How road & river co-exist in Uttarakhand along Kedar Valley

Haven’t we extolled the virtues of some politicians who have knitted almost all villages with an intricate web of roads – some as badly surveyed as the Phuntsholing – Confluence – Ha/Paro/ Thimpu road in Bhutan? This deserves to be described. Just above Phuntsholing the road snakes up on a steep slope with a series of several loops one above the other. One has seen a landslide on the uppermost loop obliterating all roads downhill! Uttarakhand has replicated this model at several places with similar disastrous consequence.
For the sake of convenience, roads follow the river as it does on Kedarnath highway. Nothing wrong in that! However, excavating rocks form the same area for road construction & dozing the surplus down towards the river is abnormal & is clearly visible. Now it has dawned on all that dumping of such material disturbs the flow of the river as it did. This practice of pushing rubble downhill has been the practice all over the hills where roads have been constructed. Such practices not only scar the hills but also create deep furrows that deplete surface vegetation & offer rainwater to erode the surface speedily.


construction  along the river bank.
construction along the river bank.

The lure of the lucre has driven locals to cluster around the road at various places to set up a variety of commercial ventures. They too have found it convenient to mine for building material from adjacent sites along the road – towards the hill side loosening & removing the very foundation over which the hill side above rested for centuries. They scored a double whammy by sticking pillars into the exclusive domain of the river, i.e. on the river bed to make multi-storied hotels. They even conduct you around such surviving structures filled with sand up to two floors expecting to evoke sympathy. The Mandakini river water laps the lower most floor of the structure. Such transgressions are a rule rather than an exception in the entire Mandakini river bed.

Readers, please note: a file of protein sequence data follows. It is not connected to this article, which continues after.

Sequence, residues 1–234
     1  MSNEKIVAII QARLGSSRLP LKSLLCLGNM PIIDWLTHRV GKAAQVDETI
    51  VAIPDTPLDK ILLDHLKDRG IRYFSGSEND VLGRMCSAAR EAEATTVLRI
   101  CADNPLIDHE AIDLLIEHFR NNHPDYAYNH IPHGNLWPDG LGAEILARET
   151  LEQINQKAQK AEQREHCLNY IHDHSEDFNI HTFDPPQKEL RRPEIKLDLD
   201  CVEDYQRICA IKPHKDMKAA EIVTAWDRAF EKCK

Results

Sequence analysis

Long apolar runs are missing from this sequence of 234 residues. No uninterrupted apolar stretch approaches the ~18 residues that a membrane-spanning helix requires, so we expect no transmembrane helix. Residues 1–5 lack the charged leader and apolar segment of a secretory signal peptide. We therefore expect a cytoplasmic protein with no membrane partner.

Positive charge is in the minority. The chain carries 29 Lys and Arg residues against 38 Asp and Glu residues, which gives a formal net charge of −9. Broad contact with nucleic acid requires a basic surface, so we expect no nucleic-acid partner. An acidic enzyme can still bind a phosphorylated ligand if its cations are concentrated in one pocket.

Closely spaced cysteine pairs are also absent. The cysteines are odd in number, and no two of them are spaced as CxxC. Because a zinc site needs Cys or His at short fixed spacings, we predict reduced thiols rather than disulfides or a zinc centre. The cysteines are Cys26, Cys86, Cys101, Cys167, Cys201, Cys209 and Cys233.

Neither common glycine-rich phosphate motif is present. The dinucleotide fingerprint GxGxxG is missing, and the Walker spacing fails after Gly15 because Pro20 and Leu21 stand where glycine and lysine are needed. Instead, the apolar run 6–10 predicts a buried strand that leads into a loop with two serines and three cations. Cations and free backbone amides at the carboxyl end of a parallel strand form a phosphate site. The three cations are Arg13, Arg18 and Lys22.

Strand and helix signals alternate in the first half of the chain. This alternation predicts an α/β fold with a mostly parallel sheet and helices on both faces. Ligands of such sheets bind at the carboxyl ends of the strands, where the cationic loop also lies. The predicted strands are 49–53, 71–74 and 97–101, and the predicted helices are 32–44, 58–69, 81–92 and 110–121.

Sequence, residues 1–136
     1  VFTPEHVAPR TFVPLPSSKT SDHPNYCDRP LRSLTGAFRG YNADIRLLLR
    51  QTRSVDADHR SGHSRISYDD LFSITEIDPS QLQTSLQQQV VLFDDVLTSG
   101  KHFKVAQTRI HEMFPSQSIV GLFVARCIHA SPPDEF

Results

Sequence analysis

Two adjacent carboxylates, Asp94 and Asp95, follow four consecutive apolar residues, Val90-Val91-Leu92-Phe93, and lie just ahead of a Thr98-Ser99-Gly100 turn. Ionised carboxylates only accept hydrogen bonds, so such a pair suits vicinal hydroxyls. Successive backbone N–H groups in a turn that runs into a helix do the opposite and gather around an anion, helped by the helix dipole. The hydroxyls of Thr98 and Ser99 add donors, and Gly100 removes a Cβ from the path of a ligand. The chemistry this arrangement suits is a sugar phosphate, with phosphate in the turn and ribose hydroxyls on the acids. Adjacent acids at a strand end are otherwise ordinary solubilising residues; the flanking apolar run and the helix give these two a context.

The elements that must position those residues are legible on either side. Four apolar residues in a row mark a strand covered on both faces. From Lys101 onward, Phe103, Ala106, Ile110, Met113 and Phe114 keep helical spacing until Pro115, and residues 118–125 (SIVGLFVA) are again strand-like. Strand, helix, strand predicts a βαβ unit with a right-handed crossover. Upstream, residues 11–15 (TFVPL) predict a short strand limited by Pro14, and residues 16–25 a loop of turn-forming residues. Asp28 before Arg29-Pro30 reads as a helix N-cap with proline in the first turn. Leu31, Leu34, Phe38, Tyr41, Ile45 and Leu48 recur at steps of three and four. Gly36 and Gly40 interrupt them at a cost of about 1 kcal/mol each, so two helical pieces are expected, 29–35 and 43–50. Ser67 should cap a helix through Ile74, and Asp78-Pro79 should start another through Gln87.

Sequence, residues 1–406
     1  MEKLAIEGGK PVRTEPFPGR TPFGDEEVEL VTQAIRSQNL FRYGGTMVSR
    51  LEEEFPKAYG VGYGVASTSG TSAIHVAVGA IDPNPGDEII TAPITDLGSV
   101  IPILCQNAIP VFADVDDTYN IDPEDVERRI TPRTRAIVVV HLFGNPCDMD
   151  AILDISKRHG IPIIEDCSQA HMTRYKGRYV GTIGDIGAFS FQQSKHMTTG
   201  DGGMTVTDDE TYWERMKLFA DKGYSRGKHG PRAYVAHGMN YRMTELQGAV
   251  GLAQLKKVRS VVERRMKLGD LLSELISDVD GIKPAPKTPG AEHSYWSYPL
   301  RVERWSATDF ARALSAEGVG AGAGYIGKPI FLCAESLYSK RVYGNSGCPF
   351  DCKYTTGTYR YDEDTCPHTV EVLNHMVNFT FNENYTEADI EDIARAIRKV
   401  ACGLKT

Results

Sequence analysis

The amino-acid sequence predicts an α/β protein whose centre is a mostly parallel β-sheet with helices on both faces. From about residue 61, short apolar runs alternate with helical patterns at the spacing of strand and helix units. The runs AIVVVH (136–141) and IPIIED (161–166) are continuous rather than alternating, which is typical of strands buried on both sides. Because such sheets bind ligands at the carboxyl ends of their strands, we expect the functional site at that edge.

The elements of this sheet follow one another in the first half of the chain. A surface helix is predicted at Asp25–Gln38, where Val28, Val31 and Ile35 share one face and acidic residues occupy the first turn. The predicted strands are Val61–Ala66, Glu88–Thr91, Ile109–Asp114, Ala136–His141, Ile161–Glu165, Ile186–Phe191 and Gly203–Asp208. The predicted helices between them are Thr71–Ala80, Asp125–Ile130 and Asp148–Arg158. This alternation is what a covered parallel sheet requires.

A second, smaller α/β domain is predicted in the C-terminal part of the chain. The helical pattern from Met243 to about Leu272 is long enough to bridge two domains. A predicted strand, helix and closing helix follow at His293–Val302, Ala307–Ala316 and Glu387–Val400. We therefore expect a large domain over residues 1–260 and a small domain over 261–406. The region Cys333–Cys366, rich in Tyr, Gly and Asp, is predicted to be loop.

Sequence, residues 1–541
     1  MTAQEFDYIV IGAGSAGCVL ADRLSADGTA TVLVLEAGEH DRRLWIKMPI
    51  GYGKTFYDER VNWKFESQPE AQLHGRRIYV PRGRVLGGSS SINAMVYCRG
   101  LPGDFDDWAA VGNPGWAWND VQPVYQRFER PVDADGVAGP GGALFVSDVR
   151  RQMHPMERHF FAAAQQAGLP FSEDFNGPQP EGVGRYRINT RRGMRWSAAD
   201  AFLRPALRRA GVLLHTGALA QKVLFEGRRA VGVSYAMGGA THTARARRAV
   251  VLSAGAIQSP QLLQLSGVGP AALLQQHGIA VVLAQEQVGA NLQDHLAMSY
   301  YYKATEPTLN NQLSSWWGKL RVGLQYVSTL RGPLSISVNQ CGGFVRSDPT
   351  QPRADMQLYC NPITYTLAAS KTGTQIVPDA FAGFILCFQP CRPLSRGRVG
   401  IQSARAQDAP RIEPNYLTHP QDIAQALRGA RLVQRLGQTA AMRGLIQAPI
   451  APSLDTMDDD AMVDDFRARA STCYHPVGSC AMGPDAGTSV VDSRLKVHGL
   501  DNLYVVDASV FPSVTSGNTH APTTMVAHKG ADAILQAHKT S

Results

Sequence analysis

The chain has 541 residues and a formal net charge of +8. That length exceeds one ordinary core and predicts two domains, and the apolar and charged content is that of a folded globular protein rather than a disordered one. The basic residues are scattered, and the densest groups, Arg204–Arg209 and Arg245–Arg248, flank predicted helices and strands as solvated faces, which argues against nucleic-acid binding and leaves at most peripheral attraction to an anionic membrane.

Load Capacity of the Highway

Clearly, the road & tracks are not capable of taking heavy volume of traffic, foot & hoof prints of pilgrims. Apart from this, heavy machinery, hydel project related structures & frames have used the very same road. Resultantly, the hills have been destabilized by human interference driven by greed & unethical processes adopted to push projects with total disregard for public concerns & more importantly for the environment.

Impact on Landslides

All human activity, on the river bed, astride the road & snaking up the upper reaches to connect villages, as well as unbridled steel & concrete loading of towns like Guptkashi & Ukhimath have reached saturation point. That saturation point was breeched when the hills absorbed far more water in a short span of time. Thereafter all collapsed like a house of cards. Even wooded slopes that had no roads, villages or houses collapsed into the Mandakini. What remains is sinking. The ominous symptoms can be witnessed at the lower periphery of Guptkashi. At the very bottom of this pyramid is something far more disturbing – hydel projects!

Eastern slope of Guptkasi is sinking. At the bottom  are remnants of Larson & Toubro project.
Eastern slope of Guptkasi is sinking. At the bottom are remnants of Larson & Toubro project.

Hydel Projects